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What is the best yeast for honeyshine?

Making honeyshine, also known as mead, is an ancient fermented beverage made from honey, water, and yeast. Choosing the right yeast is crucial for producing a high quality mead with the desired characteristics. The yeast is responsible for converting the sugars in the honey into alcohol and carbon dioxide through the process of fermentation. With so many yeast strains available, it can be challenging for the beginner to know where to start. This article will examine the key considerations when selecting yeast for mead and review some of the most popular strains.

What is honeyshine?

Honeyshine, or mead, is likely one of the oldest fermented beverages in the world. It is made by fermenting honey mixed with water, and sometimes flavored with fruits, spices, or herbs. Mead ranges considerably in terms of sweetness, alcohol content, carbonation, and flavor profiles. From dry, still meads to sweet, sparkling melomels made with fruit – there is tremendous diversity to explore.

While mead predates wine, beer, cider and other ferments – it is experiencing a modern resurgence as both professional meaderies and homebrewers rediscover the joys of fermenting honey. The possibilities are nearly endless when making mead, constrained only by the imagination of the mead maker.

Key factors when choosing honeyshine yeast

Selecting the right yeast strain for your mead is one of the most important decisions a mead maker can make. The yeast will influence the aroma, mouthfeel, clarity, dryness, sweetness, and alcohol tolerance of the finished mead. Here are some key considerations when evaluating yeast strains for mead:

Alcohol tolerance

One of the most important factors is the alcohol tolerance of the yeast strain. Most meads reach alcohol levels of 12-14%, so the yeast must be able to survive and thrive in that range. A yeast with too low an alcohol tolerance may die off before fully fermenting the sugars in the must. On the flip side, a highly alcohol tolerant strain is needed if making an 18-20% ABV traditional mead.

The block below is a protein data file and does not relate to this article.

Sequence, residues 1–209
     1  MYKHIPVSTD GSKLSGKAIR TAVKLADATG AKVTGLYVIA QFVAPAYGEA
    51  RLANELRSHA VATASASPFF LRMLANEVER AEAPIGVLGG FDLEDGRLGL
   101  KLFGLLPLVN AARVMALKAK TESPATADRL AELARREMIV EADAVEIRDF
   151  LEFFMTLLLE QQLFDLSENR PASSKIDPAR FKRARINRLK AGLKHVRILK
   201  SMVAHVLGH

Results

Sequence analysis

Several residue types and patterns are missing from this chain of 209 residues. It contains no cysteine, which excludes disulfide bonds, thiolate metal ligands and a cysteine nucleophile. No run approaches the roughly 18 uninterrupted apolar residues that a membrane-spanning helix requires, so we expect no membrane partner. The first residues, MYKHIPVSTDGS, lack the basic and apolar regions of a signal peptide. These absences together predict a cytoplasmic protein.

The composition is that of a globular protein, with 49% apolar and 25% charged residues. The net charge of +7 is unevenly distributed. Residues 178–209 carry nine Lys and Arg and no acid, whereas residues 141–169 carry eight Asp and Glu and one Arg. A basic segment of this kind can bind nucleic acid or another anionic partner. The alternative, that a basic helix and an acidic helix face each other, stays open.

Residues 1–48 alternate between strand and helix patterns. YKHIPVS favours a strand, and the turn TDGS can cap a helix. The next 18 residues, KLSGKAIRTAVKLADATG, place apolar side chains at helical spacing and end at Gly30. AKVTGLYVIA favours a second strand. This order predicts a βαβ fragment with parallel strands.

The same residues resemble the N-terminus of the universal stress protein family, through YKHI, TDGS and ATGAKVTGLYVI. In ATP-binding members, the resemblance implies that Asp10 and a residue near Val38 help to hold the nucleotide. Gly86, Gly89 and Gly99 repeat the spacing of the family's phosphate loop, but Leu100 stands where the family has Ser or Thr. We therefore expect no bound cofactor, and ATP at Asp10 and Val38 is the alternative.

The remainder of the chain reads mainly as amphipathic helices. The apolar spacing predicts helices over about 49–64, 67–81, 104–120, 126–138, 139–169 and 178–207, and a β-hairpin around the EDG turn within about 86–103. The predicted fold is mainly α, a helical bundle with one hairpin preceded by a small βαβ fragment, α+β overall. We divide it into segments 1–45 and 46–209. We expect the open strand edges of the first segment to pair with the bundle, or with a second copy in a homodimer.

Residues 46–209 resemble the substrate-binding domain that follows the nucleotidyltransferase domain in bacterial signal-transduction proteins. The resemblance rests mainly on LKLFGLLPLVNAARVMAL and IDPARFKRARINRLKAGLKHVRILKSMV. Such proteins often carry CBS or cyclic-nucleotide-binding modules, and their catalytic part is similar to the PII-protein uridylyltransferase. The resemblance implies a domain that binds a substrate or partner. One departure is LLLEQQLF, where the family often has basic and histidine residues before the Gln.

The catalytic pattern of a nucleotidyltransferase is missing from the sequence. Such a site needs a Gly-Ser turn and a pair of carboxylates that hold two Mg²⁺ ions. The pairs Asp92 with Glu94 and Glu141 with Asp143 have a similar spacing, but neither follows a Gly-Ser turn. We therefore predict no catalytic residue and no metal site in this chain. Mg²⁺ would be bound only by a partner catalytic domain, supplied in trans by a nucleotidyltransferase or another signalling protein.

Flocculation refers to the yeast’s tendency to clump together and settle out of suspension when fermentation is complete. Flocculent strains result in clearer mead, while low flocculation leads to cloudiness. A moderately flocculent strain is ideal for most mead styles.

Nutrient needs

Honey lacks many key nutrients needed by yeast. Some yeast strains have higher nutrient demands and will require supplementation to avoid stalled or sluggish ferments. Understanding the nutritional needs of the yeast and providing adequate nitrogen, vitamins, and minerals is key.

Temperature tolerance

Yeast produce different flavor compounds at different temperature ranges. Selecting a strain suited to your desired fermentation temperature can help achieve your intended flavor profile. Ale yeast generally prefer cooler temps while wine yeast do better warmer.

ABV tolerance

The final alcohol content directly relates to the yeast’s alcohol tolerance. A yeast with a tolerance of 9% ABV will stall out around that gravity, leaving residual sugars. For high gravity brews, choose a yeast with a high ABV tolerance.


Phenolic compounds like esters can give fruity, spicy or clove-like flavors. German wheat and Belgian yeast produce more phenols than clean fermenting wine or champagne yeast.

Sulfur production

Some yeast strains produce more sulfur compounds during fermentation which can give rotten egg flavors. Choosing low sulfur yeast prevents this off-flavor.